There's no better example of Melbourne's cultural melting pot than Brunswick's Sydney Road. Nepalese, Indonesian, Malaysian and Greek restaurants sit side-by-side. But ask someone on the street where to find the best value-for-money Lebanese snacks and they're likely to point you in the direction of A1 Bakery.

Originally founded by two sisters and their husbands, A1 has been feeding hungry locals since 1992. Traditional pizzas and falafel abound, but for a couple of gold coins the spinach pies are little triangles of ecstasy. The filling can be made in bulk using fresh leaves, onion and lemon juice. Once baked, a zesty sumac and cinnamon aroma comes from the golden pasty making it hard to stop at one. Although best served hot, they also make perfect snacks for school lunchboxes.

Makes 20 triangles


2 tbsp honey
1 tsp dried yeast
2 tbsp vegetable oil, plus extra to brush the pastry
900ml warm water
1kg white or wholemeal plain flour
1 tsp fine salt

1kg baby spinach leaves, shredded
2 brown onions, finely diced
125ml lemon juice
3 tbsp vegetable oil
5 tsp ground sumac
2 tsp salt flakes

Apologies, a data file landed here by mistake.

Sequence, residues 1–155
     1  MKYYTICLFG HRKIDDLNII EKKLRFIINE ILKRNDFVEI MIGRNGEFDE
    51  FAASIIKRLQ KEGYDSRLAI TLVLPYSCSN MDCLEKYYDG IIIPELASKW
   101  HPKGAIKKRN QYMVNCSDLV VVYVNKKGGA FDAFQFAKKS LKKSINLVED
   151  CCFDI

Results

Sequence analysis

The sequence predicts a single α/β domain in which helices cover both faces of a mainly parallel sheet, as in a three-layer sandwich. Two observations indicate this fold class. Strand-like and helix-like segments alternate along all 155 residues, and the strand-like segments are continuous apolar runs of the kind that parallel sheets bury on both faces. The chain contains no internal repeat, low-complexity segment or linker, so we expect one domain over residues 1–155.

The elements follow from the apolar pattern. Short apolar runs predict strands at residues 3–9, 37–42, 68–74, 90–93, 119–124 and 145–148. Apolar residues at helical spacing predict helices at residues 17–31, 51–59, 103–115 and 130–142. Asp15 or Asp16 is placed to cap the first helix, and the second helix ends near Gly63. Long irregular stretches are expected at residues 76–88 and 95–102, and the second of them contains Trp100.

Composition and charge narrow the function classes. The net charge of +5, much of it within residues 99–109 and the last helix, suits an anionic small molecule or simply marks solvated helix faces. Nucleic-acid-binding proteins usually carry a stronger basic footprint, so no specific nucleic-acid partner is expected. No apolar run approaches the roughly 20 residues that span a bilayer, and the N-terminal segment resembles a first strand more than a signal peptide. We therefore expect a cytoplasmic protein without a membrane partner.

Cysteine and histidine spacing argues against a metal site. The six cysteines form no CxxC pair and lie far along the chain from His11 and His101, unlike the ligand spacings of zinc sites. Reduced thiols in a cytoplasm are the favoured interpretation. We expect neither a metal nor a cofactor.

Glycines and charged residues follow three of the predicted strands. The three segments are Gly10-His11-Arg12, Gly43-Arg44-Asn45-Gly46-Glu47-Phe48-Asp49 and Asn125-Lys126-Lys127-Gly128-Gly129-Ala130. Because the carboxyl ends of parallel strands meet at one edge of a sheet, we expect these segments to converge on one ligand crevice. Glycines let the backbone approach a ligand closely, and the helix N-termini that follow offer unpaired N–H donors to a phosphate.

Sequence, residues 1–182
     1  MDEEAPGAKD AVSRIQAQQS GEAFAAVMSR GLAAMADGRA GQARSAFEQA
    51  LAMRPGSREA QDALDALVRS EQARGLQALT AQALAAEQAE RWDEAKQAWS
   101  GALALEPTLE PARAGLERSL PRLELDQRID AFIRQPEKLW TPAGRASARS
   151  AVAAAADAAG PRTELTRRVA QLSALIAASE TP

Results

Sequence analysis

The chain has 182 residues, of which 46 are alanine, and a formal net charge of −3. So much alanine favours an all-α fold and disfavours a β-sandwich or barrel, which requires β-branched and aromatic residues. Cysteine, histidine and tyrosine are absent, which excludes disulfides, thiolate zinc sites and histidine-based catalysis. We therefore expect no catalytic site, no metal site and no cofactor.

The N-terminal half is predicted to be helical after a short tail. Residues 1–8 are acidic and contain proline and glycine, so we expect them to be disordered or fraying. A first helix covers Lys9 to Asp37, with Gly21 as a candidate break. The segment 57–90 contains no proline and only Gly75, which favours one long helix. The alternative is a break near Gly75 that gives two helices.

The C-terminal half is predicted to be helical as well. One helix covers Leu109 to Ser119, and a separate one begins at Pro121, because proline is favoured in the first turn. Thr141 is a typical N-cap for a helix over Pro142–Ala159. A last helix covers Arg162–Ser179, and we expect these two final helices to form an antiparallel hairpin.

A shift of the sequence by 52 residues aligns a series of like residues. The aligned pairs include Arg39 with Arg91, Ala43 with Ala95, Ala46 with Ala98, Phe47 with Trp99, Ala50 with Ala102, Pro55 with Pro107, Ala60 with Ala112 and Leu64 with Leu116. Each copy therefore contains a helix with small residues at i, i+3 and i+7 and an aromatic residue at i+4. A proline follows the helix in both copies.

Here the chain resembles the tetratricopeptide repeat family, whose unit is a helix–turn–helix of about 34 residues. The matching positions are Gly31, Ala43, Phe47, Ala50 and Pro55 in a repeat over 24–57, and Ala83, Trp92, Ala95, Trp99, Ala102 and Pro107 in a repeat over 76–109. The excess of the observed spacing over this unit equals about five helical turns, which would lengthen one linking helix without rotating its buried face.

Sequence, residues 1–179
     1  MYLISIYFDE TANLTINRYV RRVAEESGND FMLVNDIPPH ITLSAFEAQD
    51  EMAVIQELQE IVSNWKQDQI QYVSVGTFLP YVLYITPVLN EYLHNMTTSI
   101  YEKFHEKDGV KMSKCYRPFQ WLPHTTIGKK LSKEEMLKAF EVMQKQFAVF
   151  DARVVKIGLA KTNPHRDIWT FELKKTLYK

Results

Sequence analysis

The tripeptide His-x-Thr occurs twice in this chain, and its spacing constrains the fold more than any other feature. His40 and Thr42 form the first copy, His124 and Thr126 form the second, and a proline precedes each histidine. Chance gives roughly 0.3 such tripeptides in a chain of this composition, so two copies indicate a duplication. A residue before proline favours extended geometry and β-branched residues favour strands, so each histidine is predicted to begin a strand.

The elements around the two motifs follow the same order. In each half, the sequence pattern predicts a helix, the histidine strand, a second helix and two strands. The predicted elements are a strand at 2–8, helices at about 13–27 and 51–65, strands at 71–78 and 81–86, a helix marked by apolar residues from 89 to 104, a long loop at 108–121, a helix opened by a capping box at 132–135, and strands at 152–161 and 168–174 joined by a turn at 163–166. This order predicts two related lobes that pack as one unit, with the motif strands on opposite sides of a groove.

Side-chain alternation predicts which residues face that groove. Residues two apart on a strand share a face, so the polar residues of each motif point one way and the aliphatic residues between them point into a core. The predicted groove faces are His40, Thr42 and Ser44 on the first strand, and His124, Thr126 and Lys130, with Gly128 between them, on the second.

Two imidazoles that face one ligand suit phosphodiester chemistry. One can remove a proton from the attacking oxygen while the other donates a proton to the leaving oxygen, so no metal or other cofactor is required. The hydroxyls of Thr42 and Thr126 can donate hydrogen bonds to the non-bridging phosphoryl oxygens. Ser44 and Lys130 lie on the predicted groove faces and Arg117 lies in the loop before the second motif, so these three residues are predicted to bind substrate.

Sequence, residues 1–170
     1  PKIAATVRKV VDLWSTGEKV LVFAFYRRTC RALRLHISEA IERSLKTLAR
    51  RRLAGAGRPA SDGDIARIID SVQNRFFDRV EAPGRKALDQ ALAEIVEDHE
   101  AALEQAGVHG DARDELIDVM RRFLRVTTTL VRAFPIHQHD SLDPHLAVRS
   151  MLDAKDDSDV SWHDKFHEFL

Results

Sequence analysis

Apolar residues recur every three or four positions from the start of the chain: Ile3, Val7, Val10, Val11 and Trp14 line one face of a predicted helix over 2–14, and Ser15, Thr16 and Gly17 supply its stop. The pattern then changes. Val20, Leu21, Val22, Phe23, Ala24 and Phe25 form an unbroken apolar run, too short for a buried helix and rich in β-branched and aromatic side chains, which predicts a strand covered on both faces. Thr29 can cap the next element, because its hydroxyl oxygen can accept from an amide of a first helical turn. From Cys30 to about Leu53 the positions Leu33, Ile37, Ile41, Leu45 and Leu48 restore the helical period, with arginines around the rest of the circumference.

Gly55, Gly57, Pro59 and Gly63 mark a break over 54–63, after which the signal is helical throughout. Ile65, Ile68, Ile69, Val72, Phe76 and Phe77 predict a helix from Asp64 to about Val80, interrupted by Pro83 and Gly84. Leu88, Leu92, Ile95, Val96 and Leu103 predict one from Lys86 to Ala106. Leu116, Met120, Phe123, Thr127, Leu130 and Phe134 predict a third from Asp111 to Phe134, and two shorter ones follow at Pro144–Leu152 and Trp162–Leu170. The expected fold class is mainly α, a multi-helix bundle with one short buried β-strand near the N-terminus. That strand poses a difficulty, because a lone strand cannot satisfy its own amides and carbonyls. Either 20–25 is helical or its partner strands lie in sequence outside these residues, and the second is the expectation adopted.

½ tsp ground cinnamon
½ tsp Lebanese seven spice (baharat)


To make the dough, combine the honey, yeast, oil and water in a large jug. Add the flour and salt to the bowl of a stand mixer and mix on low speed with the dough hook while gradually adding the liquid, increasing the speed to medium as the mix comes together. If the mix becomes too wet, just add a little more flour. Mix for about 10 minutes until the dough is smooth and relatively soft. Cover with a tea towel and rest for 30–40 minutes.

Once rested, gently turn the dough out onto a floured benchtop. Portion the dough into 100g pieces and roll into balls. Roll each ball in flour and rest on a floured surface somewhere warm, covered, to prove for about 20–30 minutes.

Preheat the oven to 260°C fan forced (280°C conventional). Line two baking trays with baking paper.

While the dough rests, add all the filling ingredients to a large bowl and mix thoroughly with your hands. Stand for 10 minutes before tipping into a large colander to drain off any excess liquid.

Take a ball of rested dough and roll out into a circle about 22cm–23cm in diameter. Place a generous handful (about ¾ cup) of the filling in the middle and flatten out into a triangle with the points at 12, 4 and 8 o'clock. Pick up the edges of the dough at 10 o'clock and 2 o'clock and fold over the filling. Pinch the edges together and then fold the 6 o'clock flap over. Pinch the corners and seams together so the parcel doesn't leak and lightly brush with oil. Repeat for the remaining dough and filling. Bake on the prepared trays for about 15 minutes until golden.

The Broadsheet Cookbook includes 80 recipes from our favourite local restaurants.

Buy The Broadsheet Cookbook now and experience the best of Melbourne dining at home.